A license is not a contract. This much I know.
Rather, a license is a permission granted by one party to another allowing use of a property without fear of lawsuit brought by the granting party. A license does not include a return promise (i.e., consideration) from the licensee. So, as we all learned in law school, a license cannot be a contract under law. This is not to say that a license cannot be an element of a contract under which two parties trade promises, one of such promises being a license. This is commonly known as a "license agreement." But a bald license, a one-way promise, is enforceable outside of contract law. It is something apart. It exists and is enforceable under property law doctrine.
What makes things difficult is that the scope of a license's grant, and the conditions and restrictions on the license (or all of them together) can make what is intended to be a one-way license look a lot like a contract. The precise wording used becomes critical. As an example, consider a situation in which the owner of software wants to give another party the right to copy, modify and distribute the software, but the owner does not want the software disributed in France. This can be accomplished with a license (with or without conditions and restrictions), a contract, or something ambiguously in-between.
Look at the following language sets, each of which accomplishes the software owner's primary goal in a different way.
1. License. "Owner grants to Licensee the right to copy, modify and distribute the software in any nation outside of France."
2. License with Condition. "Owner grants to Licensee the right to copy, modify and distribute the software, so long as the Licensee does not distribute the software in France."
3. License with Restriction. "Owner grants to Licensee the right to copy, modify and distribute the software. Licensee may not distribute the software in France."
4. Contract. "Owner grants to Licensee the right to copy, modify and distribute the software. In return, Licensee promises to not distribute the software in France."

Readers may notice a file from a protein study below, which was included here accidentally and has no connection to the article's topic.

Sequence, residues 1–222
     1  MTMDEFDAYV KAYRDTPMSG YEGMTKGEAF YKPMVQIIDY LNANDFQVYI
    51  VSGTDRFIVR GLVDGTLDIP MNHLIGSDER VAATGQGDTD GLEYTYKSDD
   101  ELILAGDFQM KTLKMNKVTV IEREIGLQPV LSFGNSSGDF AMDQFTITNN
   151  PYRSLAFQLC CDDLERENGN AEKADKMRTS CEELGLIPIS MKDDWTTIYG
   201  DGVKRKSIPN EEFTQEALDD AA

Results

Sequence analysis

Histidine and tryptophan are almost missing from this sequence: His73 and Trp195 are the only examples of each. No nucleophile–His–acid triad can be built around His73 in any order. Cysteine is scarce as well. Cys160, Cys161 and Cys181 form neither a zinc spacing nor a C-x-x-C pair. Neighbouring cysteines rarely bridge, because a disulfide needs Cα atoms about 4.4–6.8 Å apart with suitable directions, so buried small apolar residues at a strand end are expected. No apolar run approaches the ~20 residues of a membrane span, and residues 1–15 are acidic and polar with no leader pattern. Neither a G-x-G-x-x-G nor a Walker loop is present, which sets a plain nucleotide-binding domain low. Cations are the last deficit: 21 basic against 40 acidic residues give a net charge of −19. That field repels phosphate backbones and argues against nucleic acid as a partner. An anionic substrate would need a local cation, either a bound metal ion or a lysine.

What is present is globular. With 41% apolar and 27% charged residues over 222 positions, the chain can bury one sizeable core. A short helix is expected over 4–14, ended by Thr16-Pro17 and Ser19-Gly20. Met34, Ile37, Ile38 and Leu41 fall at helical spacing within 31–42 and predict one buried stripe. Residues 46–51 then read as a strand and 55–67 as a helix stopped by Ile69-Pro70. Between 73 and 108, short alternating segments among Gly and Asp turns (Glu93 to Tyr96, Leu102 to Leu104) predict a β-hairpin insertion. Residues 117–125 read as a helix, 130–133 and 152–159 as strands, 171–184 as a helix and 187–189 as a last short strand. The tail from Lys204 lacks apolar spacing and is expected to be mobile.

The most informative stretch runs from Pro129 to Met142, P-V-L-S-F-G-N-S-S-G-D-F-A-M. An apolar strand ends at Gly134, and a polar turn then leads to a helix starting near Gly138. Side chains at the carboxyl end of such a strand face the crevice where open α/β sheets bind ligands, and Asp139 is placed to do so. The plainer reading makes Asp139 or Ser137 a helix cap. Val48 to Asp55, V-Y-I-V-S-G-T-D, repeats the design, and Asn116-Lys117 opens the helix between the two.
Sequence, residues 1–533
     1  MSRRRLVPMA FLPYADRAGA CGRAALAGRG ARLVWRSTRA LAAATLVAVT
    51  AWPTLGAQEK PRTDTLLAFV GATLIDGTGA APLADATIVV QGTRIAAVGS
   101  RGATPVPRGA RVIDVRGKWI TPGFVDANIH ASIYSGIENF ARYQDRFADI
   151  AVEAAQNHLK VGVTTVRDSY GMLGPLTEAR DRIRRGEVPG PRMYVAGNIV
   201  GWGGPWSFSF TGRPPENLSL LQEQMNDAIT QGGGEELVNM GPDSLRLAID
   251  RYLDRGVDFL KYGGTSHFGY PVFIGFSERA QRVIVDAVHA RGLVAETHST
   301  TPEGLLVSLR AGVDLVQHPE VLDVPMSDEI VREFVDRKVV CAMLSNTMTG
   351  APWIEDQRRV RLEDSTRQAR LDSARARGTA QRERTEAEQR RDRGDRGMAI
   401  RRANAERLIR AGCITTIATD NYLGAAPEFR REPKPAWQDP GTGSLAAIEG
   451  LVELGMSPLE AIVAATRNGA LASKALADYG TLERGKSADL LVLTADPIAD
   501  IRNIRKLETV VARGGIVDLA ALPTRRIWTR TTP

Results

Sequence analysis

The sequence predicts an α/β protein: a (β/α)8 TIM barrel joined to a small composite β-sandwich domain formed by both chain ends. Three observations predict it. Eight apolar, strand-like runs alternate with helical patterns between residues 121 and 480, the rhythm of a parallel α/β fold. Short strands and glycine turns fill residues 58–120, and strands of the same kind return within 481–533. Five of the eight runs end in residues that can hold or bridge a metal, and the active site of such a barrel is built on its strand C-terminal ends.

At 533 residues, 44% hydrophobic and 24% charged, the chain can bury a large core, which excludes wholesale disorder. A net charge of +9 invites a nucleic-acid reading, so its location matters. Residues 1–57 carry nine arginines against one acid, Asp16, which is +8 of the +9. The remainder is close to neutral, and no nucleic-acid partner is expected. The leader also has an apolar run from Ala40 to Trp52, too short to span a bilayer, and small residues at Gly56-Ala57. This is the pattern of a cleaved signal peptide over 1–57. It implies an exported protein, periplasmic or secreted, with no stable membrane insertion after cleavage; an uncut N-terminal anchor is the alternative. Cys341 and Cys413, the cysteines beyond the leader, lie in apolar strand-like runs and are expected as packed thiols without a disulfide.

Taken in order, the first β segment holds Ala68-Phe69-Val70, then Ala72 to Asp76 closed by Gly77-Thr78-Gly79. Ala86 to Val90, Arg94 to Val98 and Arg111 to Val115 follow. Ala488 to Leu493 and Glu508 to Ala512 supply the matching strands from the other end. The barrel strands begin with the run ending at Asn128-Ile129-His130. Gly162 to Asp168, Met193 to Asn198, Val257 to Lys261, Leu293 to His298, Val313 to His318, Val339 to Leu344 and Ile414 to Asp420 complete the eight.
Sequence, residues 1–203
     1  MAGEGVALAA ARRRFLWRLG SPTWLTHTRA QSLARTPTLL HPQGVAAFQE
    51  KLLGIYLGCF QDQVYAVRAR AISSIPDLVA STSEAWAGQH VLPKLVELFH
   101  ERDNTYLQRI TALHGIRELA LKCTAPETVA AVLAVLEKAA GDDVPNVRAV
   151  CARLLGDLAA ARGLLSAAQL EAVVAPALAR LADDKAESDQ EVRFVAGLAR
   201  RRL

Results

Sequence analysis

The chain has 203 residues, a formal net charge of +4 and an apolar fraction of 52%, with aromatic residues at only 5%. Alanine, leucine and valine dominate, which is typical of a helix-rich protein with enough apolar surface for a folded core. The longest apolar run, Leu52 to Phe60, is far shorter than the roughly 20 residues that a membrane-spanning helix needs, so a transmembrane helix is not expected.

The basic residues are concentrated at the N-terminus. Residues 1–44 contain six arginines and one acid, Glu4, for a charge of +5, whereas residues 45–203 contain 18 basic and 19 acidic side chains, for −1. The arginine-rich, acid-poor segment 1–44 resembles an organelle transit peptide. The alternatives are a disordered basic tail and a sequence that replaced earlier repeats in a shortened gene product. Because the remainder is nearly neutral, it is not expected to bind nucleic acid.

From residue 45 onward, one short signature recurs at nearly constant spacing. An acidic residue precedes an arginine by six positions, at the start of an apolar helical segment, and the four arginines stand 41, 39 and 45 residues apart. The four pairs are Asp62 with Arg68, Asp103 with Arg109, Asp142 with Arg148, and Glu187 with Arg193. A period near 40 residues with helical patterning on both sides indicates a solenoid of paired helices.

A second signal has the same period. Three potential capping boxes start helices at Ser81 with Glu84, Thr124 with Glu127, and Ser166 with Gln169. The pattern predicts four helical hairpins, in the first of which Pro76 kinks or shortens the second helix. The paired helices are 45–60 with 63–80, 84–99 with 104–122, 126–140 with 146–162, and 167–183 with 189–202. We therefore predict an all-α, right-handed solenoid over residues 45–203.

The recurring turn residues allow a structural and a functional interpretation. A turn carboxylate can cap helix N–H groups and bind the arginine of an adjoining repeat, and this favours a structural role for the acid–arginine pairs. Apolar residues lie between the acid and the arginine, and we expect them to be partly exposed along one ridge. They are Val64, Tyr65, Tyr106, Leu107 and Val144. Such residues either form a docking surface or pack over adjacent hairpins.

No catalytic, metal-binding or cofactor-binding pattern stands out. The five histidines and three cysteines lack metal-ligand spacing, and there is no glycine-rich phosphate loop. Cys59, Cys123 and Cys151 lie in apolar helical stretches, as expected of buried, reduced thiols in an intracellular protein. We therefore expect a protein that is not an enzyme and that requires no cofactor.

5. Ambiguously Between a License and a Contract. "Owner grants to Licensee the right to copy, modify and distribute the software, but Licensee shall not distribute the software in France."
So what? Why does it matter whether the relationship between the licensor and licensee is characterized as "license" or "contract?" The answer is that if characterized as a contract, all those elements of contract, like offer, acceptance, mutuality of consideration (and its substitutes), performance, breach, termination and forfeiture need to be analyzed under established contract law doctrine. If the arrangement is characterized as a license, then property law doctrine-- which, wouldn't you know it, favors property owners-- applies. Perhaps most importantly, the appropriate remedy to which an aggrieved party is entitled can depend on whether you are talking about a license or a contract, or an arrangement that includes both.
Those of us who concern ourselves which such things have read with interest the recent District Court opinion in Jacobsen v. Katzer, which characterized the Artistic License-- a document generally thought of as a conditional public software license-- as a contract rather than a conditional license.
In the case, plaintiff software owner Robert Jacobsen sued Matthew Katzer, a software developer, on a grab-bag of actions including copyright infringement. Jacobsen had made his software available to the world under the Artistic License which, according to Jacobsen, grants everyone in the world the right to copy, modify and distribte the software so long as certain conditions are satisfied, including the licensee placing notices in any distributed copies. Jacobson argued that Katzer, by failing to comply with these conditions, enjoys no protection from the Artistic License and is liable for infringing copyrights in the software after distributing the software incorporated into his own product. According to Jacobsen, Katzer must be enjoined and is liable for damages, both under copyright law.
The district court saw it another way, reading the Artistic License as defining a contract that included a return promise from the licensee rather than a one-way conditional license offered by licensor. According to the district court, under the terms of the Artistic License, Jacobsen broadly promised everyone in the world he would not sue them for copyright infringement for copying, modifying or distributing his software. He did this in return for a promise to include an attribution to the owner in the code. Under this reasoning, Jacobsen may have a claim against Katzer for breach of a contract, but not for copyright infringment. According to the District Court, Katzner may not be enjoined from further distribution under copyright law because Jacobsen has promised to never bring a claim of copyright infringment against anyone. Katzer is liable for damages and Jacomsen can find injunctive relief only under contract law doctrine.
The case has been briefed by Jacobsen for appeal at the Federal Circuit. The Creative Commons and others who want the US courts to apply a consistent approach when interpreting public softare licenses have filed an amicus brief.
Here are some links:
1. Artistic License
2. Source Forge Page with Pleadings
3. Jacobsen's Appeal Brief
4. Creative Commons Amicus Brief
5. Mark Radcliffe's Blog
6. District Court opinion